radiation-induced secondary malignancies. In this work, a novel evolutionary
stochastic model is introduced that couples short-term formalism (during
radiotherapy) and long-term formalism (post treatment). This framework is used
to estimate the risks of second cancer as a function of spontaneous background
and radiation-induced mutation rates of normal and pre-malignant cells. By
fitting the model to available clinical data for spontaneous background risk
together with data of Hodgkins lymphoma survivors (for various organs), the
second cancer mutation rate is estimated. The model predicts a significant
increase in mutation rate for some cancer types, which may be a sign of genomic
instability. Finally, it is shown that the model results are in agreement with
the measured results for excess relative risk (ERR) as a function of exposure
age, and that the model predicts a negative correlation of ERR with increase in
attained age. This novel approach can be used to analyze several radiotherapy
protocols in current clinical practice, and to forecast the second cancer risks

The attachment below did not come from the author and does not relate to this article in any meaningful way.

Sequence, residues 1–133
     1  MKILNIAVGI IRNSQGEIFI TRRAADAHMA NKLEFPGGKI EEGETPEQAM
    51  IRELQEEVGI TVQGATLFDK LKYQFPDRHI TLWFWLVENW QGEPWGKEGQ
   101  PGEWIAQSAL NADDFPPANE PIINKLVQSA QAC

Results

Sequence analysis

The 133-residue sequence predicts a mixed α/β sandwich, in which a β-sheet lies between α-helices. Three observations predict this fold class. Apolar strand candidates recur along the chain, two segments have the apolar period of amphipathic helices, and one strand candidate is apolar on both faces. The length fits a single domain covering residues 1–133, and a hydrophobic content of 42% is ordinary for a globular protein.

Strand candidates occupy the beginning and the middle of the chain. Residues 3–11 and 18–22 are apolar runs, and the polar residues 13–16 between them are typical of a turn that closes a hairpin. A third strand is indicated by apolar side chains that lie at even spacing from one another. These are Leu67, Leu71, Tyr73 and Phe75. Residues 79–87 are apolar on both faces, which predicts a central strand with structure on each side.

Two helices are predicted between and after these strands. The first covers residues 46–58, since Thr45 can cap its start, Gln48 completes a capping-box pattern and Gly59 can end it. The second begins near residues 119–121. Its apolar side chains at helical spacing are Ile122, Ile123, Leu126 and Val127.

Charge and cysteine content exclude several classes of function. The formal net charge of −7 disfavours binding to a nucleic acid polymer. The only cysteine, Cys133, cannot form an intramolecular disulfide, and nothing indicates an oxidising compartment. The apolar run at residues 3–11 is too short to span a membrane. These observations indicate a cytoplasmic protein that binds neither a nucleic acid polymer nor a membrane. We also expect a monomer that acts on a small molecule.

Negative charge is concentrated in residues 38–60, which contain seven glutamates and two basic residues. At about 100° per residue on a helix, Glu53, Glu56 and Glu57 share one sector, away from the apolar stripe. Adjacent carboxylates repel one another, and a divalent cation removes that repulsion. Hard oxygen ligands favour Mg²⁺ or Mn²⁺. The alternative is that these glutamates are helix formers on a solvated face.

over time for individual patients.
"In contrast, the risk (RR and EAR) for thyroid cancer after HL did not vary by attained age . Because most cancer rates in the general population increase substantially with increasing age, even steady or declining RRs with increasing age can be associated with strikingly increasing EARs, such as the pattern described above for breast cancer after HL . "
[Show abstract][Hide abstract] ABSTRACT: Currently, 17–19% of all new primary malignancies occur in survivors of cancer, causing substantial morbidity and mortality. Research has shown that cancer treatments are important contributors to second malignant neoplasm (SMN) risk.
In this paper we summarise current knowledge with regard to treatment-related SMNs and provide recommendations for future research. We address the risks associated with radiotherapy and systemic treatments, modifying factors of treatment-related risks (genetic susceptibility, lifestyle) and the potential benefits of screening and interventions. Research priorities were identified during a workshop at the 2014 Cancer Survivorship Summit organised by the European Organisation for Research and Treatment of Cancer.